ParaphasiaIs a type of language output error commonly associated with aphasia, and characterized by the production of unintended syllables, words, or phrases during the effort to speak. Paraphasic errors are most common in patients with fluent forms of aphasia, and comes in three forms: phonological or literal, neologistic, and verbal. Paraphasias can affect metrical information, segmental information, number of syllables, or both. Some paraphasias preserve the meter without segmentation, and some do the opposite. However, most paraphasias affect both partially.
The term was apparently introduced in 1877 by the German-English physician Julius Althaus in his book on Diseases of the Nervous System, in a sentence reading, "In some cases there is a perfect chorea or delirium of words, which may be called paraphasia".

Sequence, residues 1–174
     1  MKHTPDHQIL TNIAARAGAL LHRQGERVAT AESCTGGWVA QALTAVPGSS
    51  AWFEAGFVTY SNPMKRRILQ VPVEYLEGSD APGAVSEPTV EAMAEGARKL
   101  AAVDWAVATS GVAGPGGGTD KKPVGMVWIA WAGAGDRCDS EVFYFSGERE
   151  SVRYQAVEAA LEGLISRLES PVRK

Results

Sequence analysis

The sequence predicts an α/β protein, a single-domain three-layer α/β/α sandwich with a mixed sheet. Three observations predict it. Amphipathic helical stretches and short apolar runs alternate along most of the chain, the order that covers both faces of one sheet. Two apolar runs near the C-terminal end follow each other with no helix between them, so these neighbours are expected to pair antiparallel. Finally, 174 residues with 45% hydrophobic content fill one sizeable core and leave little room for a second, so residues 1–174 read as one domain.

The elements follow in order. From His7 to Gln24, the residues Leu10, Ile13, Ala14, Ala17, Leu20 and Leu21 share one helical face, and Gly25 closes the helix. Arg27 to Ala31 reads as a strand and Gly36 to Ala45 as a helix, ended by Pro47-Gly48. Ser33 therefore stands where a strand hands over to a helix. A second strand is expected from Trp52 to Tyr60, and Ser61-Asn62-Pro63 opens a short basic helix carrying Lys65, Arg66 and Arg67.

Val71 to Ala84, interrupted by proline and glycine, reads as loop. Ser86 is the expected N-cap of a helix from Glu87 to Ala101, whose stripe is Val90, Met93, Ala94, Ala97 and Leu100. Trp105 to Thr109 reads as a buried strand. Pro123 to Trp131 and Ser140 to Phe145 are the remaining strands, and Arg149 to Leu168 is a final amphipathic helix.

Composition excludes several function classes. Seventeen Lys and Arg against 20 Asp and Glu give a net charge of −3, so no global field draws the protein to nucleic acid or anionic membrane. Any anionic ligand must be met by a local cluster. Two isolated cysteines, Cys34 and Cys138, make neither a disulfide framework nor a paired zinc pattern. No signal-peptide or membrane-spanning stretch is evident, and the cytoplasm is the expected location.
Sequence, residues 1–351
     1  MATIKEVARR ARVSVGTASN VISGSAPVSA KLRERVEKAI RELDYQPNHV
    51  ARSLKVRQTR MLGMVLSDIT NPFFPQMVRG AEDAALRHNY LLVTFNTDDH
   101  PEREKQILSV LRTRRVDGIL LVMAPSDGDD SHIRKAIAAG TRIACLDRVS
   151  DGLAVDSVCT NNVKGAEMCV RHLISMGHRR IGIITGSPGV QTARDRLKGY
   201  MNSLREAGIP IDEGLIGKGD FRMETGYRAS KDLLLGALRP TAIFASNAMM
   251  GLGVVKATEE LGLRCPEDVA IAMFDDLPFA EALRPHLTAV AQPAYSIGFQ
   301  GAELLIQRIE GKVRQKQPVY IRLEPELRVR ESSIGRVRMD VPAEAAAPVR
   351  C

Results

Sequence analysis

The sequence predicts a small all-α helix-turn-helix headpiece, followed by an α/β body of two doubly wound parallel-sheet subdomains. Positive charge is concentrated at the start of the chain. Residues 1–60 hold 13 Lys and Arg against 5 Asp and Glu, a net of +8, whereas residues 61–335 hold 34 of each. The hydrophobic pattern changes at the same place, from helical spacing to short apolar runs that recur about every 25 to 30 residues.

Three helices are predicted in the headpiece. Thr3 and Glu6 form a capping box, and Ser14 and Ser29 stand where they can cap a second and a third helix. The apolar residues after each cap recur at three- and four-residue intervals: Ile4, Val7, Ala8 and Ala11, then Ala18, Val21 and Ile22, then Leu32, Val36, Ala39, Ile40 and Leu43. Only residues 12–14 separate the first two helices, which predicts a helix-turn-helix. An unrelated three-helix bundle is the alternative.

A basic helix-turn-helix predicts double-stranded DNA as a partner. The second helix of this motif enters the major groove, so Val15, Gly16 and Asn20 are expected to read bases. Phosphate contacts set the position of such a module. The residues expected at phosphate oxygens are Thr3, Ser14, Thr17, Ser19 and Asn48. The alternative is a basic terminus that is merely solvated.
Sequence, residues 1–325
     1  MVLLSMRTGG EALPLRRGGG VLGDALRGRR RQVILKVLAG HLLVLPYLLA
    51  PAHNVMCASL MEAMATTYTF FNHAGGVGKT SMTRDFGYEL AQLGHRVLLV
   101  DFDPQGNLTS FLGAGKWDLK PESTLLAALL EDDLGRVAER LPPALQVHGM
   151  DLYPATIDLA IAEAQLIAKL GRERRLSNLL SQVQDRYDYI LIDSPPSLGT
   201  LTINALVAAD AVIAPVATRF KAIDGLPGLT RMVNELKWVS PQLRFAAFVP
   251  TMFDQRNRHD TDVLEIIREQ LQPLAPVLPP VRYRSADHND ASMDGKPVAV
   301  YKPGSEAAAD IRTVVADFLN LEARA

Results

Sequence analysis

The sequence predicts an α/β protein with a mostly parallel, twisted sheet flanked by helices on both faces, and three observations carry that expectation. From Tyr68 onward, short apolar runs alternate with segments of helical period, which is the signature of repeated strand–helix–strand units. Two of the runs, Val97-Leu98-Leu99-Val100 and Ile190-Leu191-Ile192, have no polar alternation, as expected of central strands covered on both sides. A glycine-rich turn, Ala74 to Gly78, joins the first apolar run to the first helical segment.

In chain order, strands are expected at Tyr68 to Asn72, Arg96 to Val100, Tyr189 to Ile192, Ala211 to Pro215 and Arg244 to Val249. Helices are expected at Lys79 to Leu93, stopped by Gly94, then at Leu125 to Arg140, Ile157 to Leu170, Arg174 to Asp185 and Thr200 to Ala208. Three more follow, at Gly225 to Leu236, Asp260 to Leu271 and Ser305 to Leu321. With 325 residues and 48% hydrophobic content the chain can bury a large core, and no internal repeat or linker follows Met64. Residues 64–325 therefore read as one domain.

Paraphasia is associated with fluent aphasias, characterized by “fluent spontaneous speech, long grammatically shaped sentences and preserved prosody abilities.” Examples of these fluent aphasias include receptive or Wernicke’s aphasia, anomic aphasia, conduction aphasia, and transcortical sensory aphasia, among others. All of these lead to a difference in processing efficiency, which is often caused by damage to a cortical region in the brain (in receptive aphasia, for example, the lesion is in or near Wernicke’s area); lesion location is the most important determining factor for all aphasic disorders, including paraphasia - the location of the lesion can be used to hypothesize the type of aphasic symptoms the patient will display. This lesion can be caused by a variety of different methods: malfunctioning blood vessels (caused, for example, by a stroke) in the brain are the cause of 80% of aphasias in adults, as compared to head injuries, dementia and degenerative diseases, poisoning, metabolic disorders, infectious diseases, and demyelinating diseases. Lesions involving the posterior superior temporal lobe are often associated with fluent aphasias.